CLOSED LOOP INTERVAL ONTOLOGY
       The Integration of Conceptual Form
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Simplicity

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Unit interval

Measurement

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Project developed by
Bruce Schuman

Glossary

Consciousness
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Closed loop interval ontology
An integral model of human thinking and awareness

Notes in progress, November 2020

The vision

We are imagining and conceiving a revolution in the structure of knowledge: an integral transformation of thousands or millions of semi-independent conceptual fragments, into a single unified and self-contained wholeness defined as a comprehensively inclusive spectrum.

  • In our framework, this spectrum is defined as the linear hierarchical decomposition of unity (the "unit interval") taking a form on which all intellectual structure and description can be mapped, with unbounded infinity at the top and the infinitesimal or continuum (infinitely bounded) at the bottom.
  • This model then becomes a sealed integral unit when it is folded into the form of a Moebius Strip, a topological form which has only one boundary or edge or side, and which, under this twist of the unit interval, maps the infinite unbounded into the infinitesimal and continuous as a single straight line. All notions of larger and smaller disappear, and become only relative and "locally meaningful".
  • We show this process in the animated graphic at the upper right of the screen.

Today, we are living in a world of "silos" and specializations that are marginally consistent with one another. Too often today the right hand does not work well with the left hand. But we are proposing that this fragmentation is largely the fruit of the independent historical evolution of these elements, which today are gradually coming into closer and closer relationships. Where is the boundary of one discipline and the beginning of another? Are these boundaries more than habitual cultural artifacts? Are the deep levels of human intuition simply inscrutable to the close examination of quantitative methods and science?

We are saying "no" to these traditional and highly limiting assumptions. We are proposing that the traditionally independent elements and departments of knowledge can be fused into unity, through a common language and are seeing universal principles underlying all forms of categorization and conceptualization. We are proposing new and universal principles of measurement capable of spanning the traditional divisions (quantitative/qualitative). We are envisioning an integral form of knowledge as an essential step in the evolution of civilization and are exploring these ideas as a possible foundation for a new civilization based on wholeness and deeply shared universal principles.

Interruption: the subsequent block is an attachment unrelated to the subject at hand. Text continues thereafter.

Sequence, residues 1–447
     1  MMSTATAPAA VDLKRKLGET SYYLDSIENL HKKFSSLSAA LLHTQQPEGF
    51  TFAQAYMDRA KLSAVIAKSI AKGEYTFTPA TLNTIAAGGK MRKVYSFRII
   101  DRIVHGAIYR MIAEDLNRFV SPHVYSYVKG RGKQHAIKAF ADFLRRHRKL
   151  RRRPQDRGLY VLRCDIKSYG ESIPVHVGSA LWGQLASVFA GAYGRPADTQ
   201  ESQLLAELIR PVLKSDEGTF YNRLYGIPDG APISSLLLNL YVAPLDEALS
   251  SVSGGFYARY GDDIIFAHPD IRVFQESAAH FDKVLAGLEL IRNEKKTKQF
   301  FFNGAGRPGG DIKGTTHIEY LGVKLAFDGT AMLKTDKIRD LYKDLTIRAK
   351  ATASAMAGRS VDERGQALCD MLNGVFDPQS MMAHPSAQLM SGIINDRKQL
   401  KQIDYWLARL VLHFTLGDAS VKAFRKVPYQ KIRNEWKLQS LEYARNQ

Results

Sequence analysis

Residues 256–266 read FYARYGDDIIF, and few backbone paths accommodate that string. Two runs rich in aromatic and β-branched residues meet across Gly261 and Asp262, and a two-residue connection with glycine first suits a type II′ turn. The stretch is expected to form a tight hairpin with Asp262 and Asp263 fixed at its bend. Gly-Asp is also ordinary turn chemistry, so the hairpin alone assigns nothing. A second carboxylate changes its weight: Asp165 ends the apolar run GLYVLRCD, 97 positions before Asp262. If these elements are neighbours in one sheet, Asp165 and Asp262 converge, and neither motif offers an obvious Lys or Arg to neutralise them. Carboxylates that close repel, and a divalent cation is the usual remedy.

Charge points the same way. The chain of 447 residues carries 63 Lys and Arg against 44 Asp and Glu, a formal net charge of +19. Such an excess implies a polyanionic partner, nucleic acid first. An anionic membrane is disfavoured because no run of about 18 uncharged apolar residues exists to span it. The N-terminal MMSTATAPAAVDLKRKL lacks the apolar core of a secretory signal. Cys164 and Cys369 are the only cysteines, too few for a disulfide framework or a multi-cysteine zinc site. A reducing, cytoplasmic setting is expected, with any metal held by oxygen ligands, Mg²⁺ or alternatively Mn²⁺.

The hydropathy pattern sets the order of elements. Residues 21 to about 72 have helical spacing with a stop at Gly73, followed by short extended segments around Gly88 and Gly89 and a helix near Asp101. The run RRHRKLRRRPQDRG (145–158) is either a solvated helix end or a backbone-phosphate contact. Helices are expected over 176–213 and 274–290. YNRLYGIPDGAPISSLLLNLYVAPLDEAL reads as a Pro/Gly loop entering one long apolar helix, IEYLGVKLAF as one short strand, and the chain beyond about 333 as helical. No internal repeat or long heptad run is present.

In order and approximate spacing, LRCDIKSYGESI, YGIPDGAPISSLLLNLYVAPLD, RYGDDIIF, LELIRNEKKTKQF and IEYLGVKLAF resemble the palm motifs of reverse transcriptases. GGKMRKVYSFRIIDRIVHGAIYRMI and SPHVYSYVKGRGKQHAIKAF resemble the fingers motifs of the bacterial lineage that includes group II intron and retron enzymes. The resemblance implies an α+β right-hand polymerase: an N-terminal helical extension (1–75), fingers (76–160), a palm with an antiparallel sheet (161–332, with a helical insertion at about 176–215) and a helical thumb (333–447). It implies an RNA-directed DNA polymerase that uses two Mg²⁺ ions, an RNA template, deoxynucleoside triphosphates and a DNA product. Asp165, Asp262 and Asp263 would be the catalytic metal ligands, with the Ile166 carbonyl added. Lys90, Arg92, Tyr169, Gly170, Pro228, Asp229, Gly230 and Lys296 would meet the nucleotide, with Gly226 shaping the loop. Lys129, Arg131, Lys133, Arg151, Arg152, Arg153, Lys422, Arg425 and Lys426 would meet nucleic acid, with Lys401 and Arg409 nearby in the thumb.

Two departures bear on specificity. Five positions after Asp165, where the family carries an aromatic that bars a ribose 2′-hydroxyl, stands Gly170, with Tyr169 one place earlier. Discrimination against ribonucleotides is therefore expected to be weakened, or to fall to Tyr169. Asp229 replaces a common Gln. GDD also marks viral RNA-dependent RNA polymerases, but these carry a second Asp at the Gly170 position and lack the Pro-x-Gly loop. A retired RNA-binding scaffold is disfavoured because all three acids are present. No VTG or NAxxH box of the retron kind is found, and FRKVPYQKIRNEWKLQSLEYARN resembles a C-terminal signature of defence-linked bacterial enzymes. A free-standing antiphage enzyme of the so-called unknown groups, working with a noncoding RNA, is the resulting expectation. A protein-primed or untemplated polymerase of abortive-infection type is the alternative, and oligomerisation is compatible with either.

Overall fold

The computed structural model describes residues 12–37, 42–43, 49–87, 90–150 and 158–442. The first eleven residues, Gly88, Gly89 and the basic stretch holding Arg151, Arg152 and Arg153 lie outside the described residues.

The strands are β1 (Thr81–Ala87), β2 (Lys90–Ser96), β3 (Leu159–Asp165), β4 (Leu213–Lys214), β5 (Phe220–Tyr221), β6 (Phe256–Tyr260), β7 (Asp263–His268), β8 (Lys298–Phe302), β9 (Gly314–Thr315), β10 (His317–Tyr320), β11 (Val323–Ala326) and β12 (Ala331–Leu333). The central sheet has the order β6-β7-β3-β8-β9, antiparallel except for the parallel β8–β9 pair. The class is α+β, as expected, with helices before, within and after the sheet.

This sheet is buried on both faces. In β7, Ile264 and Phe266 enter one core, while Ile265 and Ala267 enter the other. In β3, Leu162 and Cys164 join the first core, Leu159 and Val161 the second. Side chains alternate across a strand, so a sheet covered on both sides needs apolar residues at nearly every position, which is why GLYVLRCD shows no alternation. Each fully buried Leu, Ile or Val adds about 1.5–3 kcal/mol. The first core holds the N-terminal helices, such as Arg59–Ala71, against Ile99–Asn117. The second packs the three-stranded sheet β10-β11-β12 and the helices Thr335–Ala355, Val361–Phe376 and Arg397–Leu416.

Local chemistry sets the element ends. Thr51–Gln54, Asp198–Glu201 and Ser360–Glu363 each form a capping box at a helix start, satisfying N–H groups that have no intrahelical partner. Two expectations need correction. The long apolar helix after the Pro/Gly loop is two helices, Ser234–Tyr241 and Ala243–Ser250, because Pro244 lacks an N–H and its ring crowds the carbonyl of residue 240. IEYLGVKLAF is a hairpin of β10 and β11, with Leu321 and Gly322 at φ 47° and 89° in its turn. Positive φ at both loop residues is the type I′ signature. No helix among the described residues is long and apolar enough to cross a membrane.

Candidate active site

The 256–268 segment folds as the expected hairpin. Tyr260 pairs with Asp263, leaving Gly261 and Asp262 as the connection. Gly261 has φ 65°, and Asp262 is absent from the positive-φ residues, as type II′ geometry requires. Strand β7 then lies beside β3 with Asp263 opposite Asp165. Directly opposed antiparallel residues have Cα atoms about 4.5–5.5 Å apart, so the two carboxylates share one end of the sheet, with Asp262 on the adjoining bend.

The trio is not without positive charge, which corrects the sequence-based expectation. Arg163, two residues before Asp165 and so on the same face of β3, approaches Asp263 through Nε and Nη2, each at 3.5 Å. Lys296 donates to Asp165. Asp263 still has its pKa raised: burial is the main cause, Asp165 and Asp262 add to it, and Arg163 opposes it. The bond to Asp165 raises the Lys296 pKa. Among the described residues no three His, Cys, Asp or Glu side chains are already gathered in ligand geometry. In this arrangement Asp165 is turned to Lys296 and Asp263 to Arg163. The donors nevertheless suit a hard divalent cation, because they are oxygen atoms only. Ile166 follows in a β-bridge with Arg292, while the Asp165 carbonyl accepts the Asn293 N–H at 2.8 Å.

Introduction

This project combines deep universal mysticism with an interpretation of the classical foundations of mathematics. It is grounded in the best university-grade technical literature available, and is offered here as an opening into what seems to be a significant advance in holistic philosophy and psychology.

Closed Loop Ontology is indeed aimed at something unprecedented. But the power and breadth of its ambition and scope of inclusion does have precedent in the history of philosophy, and an example might be the "Mathesis Universalis" of Leibnitz, or in ancient explorations of the concept of "Monad".

This emerging new idea proposes that all ideas and "concepts" emerge from an enduring eternal "one" or "oneness" that is the ground of being and underlying invariant framework of all of existence and any potential for human knowledge or understanding. This idea is found in many sources, including Plotinus.

The power of this idea flows from the way this underlying framework is conceived, and depends on the notion that this relatively simple but bewitchingly tricky framework can be legitimately interpreted as containing all possible conceptual differentiations within the scope of its "bounded intervals". The notion of bounded interval begins with the unit interval - bounded between 0 and 1 on a straight line (the X axis) - and then unfolds from there as a cascade into infinite differentiations approaching the continuum, as the interval is cut up into smaller and smaller pieces. All these intervals, regardless of their "length" take exactly the same form. This model is absolutely linear and absolutely recursive ("self-similar" - like a fractal).